Aspergers in Adults: Signs, Symptoms, and Treatment Options
Social activities for adults with aspergers and dating
Your adult friend , relative, or colleague seems socially "off," unusually into online gaming, extremely limited in clothing and food choices. He's been passed over for promotions, socially ostracized, or even bullied. To you, the reason for these issues seems obvious: your friend or relative is probably autistic. Should you bring this possibility up with the person in question, or keep the idea to yourself? The answer depends upon the particulars of the situation. Before you do anything at all, it's important to know more about autism than what's commonly shared on the media or among friends.
Coping With a Partner's Asperger's Syndrome
Aspergers in adults is typically seen as an individual with an above average intellectual ability paired with severely inadequate social skills and often an all-absorbing, obsessive interest in particular topics. The subtypes used to be separate diagnoses until the update to the DSM-5 diagnostic manual. Now, the subtypes are folded into one diagnosis known as autism spectrum disorder ASD.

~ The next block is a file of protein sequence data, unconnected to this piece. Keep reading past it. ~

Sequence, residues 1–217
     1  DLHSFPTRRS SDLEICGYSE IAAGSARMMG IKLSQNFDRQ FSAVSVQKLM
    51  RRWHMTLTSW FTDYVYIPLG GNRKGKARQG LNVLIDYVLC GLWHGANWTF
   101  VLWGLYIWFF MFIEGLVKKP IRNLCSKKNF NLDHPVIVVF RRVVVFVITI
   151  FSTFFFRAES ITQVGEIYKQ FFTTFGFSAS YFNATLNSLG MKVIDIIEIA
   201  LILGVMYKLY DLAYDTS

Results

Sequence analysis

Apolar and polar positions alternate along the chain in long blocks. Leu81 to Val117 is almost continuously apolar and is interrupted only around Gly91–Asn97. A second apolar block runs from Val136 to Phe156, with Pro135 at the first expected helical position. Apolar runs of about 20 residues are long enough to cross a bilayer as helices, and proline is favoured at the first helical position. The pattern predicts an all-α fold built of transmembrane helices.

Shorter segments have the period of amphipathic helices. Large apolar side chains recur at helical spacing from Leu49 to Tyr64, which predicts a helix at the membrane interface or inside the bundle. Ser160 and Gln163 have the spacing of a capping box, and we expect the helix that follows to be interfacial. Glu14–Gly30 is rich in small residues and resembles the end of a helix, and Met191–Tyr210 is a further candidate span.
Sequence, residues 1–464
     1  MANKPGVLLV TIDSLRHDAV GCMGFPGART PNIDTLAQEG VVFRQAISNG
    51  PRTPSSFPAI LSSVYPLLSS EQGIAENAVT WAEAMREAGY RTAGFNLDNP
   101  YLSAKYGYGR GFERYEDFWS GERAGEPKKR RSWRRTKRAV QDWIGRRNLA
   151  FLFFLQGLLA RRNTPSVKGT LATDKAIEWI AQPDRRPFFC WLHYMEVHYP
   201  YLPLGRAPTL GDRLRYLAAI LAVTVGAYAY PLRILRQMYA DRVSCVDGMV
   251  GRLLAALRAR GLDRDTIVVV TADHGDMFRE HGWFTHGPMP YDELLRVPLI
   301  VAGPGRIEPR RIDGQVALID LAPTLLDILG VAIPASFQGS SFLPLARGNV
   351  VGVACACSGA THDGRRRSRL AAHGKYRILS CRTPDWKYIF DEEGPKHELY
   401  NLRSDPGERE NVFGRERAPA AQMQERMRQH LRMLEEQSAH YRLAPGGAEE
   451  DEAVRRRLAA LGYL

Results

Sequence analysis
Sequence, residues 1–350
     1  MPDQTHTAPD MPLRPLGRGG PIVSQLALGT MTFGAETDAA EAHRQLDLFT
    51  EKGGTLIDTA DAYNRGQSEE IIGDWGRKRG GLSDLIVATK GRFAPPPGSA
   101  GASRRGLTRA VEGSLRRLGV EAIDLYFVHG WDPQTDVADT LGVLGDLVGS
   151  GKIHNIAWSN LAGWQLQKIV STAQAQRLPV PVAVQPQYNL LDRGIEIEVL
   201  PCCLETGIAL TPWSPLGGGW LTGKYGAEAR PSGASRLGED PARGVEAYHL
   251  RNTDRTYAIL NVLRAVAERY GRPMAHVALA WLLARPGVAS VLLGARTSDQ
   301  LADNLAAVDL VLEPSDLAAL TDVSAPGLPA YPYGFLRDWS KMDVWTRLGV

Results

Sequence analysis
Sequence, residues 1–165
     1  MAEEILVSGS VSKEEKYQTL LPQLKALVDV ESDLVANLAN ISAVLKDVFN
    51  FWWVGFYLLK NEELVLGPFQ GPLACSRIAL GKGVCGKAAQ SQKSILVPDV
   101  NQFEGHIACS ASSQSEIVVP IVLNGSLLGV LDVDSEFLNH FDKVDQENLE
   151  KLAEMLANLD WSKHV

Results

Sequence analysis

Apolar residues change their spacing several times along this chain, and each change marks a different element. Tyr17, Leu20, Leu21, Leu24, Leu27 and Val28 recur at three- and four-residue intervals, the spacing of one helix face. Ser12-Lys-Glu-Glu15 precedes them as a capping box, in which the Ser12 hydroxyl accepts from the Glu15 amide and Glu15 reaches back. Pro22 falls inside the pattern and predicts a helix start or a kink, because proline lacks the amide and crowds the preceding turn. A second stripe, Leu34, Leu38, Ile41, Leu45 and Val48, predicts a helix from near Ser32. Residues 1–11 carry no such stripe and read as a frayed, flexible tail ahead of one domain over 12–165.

People with Asperger profiles absolutely do have feelings, although they may have difficulty identifying and discussing them. In fact, many feelings — such as fear, anger and joy — seem to be experienced more intensely by those with Asperger profiles than by average people. This appears to happen more in those with Asperger profiles than with the general population. People with Asperger profiles may not show their feelings in the same way, or to the same extent, as those without. They may manifest feelings less outwardly, or their facial expression might not match what the individual is feeling inside.